Worsening renal function and all-cause mortality in patients with heart failure: an update of the literature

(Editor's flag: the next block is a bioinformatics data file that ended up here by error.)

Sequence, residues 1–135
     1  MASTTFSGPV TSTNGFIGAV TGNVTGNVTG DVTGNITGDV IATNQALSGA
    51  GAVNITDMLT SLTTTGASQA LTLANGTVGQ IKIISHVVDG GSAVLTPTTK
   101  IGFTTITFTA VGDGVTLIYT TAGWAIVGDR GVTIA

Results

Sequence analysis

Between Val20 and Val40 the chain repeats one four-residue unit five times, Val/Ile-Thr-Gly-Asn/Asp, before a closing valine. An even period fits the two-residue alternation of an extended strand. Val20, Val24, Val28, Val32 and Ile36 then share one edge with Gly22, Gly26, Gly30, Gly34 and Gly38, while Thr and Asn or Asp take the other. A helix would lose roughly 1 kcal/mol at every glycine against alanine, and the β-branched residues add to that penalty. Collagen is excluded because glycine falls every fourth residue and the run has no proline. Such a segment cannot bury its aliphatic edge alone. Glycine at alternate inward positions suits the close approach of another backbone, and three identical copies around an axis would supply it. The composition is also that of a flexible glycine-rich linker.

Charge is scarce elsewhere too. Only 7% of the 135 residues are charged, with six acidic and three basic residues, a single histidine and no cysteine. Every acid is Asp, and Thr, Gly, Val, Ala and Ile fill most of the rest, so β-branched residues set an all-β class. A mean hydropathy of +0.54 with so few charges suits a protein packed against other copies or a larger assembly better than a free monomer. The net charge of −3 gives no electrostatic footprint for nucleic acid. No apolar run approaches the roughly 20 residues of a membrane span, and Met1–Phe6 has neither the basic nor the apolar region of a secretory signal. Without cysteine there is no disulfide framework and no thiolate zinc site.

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Background: Despite the numerous evidence-based treatments for heart failure (HF), its prognosis has only shown moderate improvements in the past decades. Worsening renal function (WRF) is common among patients with HF, however, its impact on prognosis remains controversial. Some studies have shown that WRF is associated with unfavorable outcomes in HF populations including increased short- and long-term mortality. Conversely, others did not reveal a specific prognostic value of WRF suggesting that it is probably not related to increased mortality in some HF patients. Objective: The objective of this review is to give an update of the literature from 2012 onwards on the relationship between WRF and mortality in patients with all types of HF to further clarify the prognostic significance of WRF on HF, which has not been established yet. Method: We performed a literature search of the PubMed database for studies that investigated the relationship between WRF and mortality in HF patients. The literature search was limited to studies conducted between 2012 to 2022. Our primary focus was on studies that examined the association between WRF and mortality in HF patients (≥ 18 years old) with a confirmed diagnosis of HF in either the ‘acute or ‘chronic’ phase of the disease. Regarding WRF, we included only studies with a precise description of the WRF definition. The primary outcome measure was defined as all-cause mortality. Results: Twelve studies were identified, six of which revealed WRF to be an independent predictor of all-cause mortality. However, there was inconsistency across the studies in terms of the definition of WRF, the timing of WRF occurrence, the type of HF patients, and the studied risk factors. Conclusions: Taken together, there is still controversy regarding the prognostic impact of WRF on HF, and there is no gold standard to assess “true WRF.” Therefore, future studies are required to investigate the relationship between WRF and HF by using a more consistent definition in terms of the timing of WRF occurrence, as well as by including more homogeneous populations with respect to the risk factors.